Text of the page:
“You know you’re Older Than Dirt if your colonoscopy results state that because of your age, further procedures are not recommended.”

Accidents of mirth . . . Including: Know thyself!

RUSTY of St. Paul reports: “I had issues with my blouse one day this summer.

“This is one of those lightweight shirts that I use for camping and sun protection. It has a mesh ‘window’ across the back for ventilation, with a flap of material over it.

“One of the sleeves had been fed through the back window, either when I took it off last or from the washing machine. Even though I have a graduate degree in . . . science (!), it took me a minute to figure out why I was feeling like the Hunchback when I tried several times to feed my left arm/shoulder through the sleeve.

“Later I was eating oil-cured Moroccan olives (from Morelli’s; really good). I wanted to spit the pit out into my compost bin and whiffed on my spit, so the pit went down the front of my shirt. These olives are really oily, so as the pit rolled it left an oil stain (four of them) every time it contacted the shirt.

“The trifecta for the day: I was trimming a fairly tall hedge. It was very hot out, so I had the top two buttons open. I kept feeling something scratching my chest and tummy, and my shirt was billowing outward. I’m a big person, but not that big. As I reached up and leaned forward to trim, the trimmed branches were entering my shirt instead of falling to the ground!

“As I type this, I’m wearing a T-shirt: ‘Fool me once . . . .’”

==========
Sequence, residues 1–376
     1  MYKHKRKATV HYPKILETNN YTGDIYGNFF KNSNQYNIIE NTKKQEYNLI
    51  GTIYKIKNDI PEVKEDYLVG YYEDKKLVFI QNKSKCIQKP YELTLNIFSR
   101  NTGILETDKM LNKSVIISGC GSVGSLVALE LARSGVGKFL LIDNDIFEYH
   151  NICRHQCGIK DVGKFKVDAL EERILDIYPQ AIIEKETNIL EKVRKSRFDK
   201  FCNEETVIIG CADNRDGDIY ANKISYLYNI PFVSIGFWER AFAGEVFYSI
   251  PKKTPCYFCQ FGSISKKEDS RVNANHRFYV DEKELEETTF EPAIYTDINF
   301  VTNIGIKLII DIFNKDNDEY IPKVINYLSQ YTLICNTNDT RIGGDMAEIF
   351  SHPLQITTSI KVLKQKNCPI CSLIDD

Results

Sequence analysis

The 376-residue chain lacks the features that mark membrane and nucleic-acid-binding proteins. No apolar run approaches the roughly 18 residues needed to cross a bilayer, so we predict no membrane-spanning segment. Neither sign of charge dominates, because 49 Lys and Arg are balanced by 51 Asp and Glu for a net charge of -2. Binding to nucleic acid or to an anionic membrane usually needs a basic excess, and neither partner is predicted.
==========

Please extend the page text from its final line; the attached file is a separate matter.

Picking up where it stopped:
Shirts happen

Red’s Offspring, north of St. Paul: “I want to thank the gentleman in the Roseville Perkins who graciously allowed me to read his shirt:


“‘As if we need your Support’”

Then & Now . . . Peace & War Division

KATHY S. of St. Paul: “Subject: May Peace Prevail.

“One of the joys of my retirement is the time I can spend watching educational programs, and news programs filmed in other countries. If I live at least 50 more years, I might actually learn enough Japanese to understand the snippets of Japanese I hear on NHK News. Or not.

“Today NHK News had a wonderful story about letters exchanged between Harold J. Bray, the last American survivor of the doomed U.S.S. Indianapolis, and Kunshiro Kiyozumi, the last survivor of the Japanese submarine that sank it. They were both read at a Memorial to the U.S.S. Indianapolis, whose sinking is a horror story suppressed by the U.S. Navy for many years. Its last mission was to carry parts for what became the bombs dropped on Hiroshima and Nagasaki, and it is pure dumb luck that any of the American sailors on board survived to be rescued after four days in a sea full of sharks.

“Neither of these men expressed animosity toward the other. Mr. Bray said, in part: ‘There are no winners in a war. . . . Let us look forward to working together to build a better, safer world.’

“Mr. Kiyozumi answered, in part: ‘I am moved that . . . we can talk to each other as friends. I will continue making efforts to work for a peaceful world.’

“Among members of my generation, which went to war in Vietnam, are a number of veterans who have reached out to those we fought. I honor them, and other former combatants who now work to spread peace.

“Gosh knows we all need it!”

BAND NAME OF THE DAY: Break the Bank